We have studied optical properties (in optic and petrographic microscopy) of mineral particles (diameter > 1 µm) deposited on the surface of a small (≈ 1.4 mm height, 610 µm wide) sticky tape triangle corresponding to the Face area of the Turin Shroud (TS). All these particles were studied by scanning electronic microscopy (SEM) and their elemental compositions were analysed by X-ray microfluorescence (XRMF). These mineral particles were classified among nine main categories: particles of the limestone fraction, alumine, particles of the silica fraction, clay minerals (including kaolinite, montmorillonite and illites), chlorites, talcum and evaporites. The most important fraction (one for two) of the mineral particles found is clay minerals. Some of them (montmorillonite/illites mixtures) are highly characteristic: they are constituted of potassium-rich clays, with a high calcium content and they contain iron and titanium inclusions. Most of the silica particles found are shaped in an eolian fashion. The presence of gypse and ferric oxide indicates a soil nature corresponding to desertic or semi-desertic climates. Some minerals, rounded in shape, can mimic-by aspect and color-true red blood cells.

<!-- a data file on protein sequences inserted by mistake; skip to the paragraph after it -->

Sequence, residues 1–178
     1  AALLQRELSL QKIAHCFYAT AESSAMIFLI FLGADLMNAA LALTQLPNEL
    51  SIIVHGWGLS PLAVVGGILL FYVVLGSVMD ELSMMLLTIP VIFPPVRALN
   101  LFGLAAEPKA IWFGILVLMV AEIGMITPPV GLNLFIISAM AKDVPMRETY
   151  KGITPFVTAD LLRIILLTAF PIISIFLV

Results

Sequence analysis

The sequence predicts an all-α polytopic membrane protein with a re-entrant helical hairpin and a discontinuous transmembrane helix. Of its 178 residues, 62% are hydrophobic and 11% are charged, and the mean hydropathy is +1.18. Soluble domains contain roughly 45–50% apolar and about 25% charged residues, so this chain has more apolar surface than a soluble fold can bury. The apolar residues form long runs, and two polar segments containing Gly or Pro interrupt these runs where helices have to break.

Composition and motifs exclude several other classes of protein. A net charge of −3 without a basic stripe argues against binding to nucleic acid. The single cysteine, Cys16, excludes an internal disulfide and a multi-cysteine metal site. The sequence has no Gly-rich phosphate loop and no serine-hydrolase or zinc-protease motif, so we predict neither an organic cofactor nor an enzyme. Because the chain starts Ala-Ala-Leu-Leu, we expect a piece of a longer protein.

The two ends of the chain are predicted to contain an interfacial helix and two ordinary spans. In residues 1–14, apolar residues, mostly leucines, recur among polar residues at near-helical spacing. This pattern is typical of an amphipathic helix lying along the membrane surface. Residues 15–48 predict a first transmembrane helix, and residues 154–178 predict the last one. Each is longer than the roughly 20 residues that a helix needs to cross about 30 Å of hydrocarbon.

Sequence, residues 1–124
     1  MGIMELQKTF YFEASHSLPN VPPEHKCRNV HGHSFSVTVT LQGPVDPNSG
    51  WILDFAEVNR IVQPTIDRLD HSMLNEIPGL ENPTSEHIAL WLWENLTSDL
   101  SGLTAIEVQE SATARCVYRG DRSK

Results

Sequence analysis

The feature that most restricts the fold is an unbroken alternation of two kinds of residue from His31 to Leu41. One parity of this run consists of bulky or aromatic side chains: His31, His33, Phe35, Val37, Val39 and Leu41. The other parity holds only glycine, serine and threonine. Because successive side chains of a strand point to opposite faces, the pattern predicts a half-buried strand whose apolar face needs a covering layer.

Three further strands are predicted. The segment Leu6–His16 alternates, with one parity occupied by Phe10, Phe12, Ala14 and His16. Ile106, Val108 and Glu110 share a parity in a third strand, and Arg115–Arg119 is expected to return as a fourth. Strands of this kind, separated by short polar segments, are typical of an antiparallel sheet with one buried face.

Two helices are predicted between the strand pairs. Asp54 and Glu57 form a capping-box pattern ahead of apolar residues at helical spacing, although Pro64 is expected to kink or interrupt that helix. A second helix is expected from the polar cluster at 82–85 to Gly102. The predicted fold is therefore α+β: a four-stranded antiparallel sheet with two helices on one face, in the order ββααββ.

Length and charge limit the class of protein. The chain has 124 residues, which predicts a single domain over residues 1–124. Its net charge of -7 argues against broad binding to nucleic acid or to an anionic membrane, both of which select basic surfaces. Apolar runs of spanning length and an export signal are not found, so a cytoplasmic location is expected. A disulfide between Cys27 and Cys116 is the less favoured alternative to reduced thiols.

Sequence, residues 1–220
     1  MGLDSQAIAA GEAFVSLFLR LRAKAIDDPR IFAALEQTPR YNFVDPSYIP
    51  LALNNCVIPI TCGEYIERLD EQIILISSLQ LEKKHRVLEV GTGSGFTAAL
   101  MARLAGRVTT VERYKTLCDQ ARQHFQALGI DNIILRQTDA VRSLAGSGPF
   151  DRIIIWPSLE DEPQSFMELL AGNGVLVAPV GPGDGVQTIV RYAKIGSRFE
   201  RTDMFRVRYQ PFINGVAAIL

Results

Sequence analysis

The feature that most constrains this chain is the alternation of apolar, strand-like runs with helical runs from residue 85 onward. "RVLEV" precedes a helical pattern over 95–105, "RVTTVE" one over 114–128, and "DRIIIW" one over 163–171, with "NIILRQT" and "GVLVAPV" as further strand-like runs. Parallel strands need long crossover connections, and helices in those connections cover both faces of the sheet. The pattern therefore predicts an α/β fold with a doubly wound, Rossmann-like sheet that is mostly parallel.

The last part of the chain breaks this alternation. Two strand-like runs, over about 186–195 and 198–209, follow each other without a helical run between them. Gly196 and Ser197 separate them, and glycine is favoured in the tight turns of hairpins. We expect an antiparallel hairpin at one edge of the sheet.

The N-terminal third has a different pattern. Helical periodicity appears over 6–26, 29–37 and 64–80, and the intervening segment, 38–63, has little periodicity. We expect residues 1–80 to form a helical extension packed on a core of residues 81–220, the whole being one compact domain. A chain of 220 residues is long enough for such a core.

Key words: Face area, elemental composition, mineral particles, optical and petrographic microscopy, red blood cells (RBC), scanning electron microscopy (SEM), Turin Shroud (TS), X-ray microfluorescence (XRMF).
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